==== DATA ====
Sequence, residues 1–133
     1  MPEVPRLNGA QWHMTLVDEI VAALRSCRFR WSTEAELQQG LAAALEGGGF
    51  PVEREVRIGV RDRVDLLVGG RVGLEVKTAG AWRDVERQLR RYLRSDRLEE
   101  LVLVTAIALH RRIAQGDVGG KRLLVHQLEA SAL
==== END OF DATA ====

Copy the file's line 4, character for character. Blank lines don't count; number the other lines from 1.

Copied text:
   101  LVLVTAIALH RRIAQGDVGG KRLLVHQLEA SAL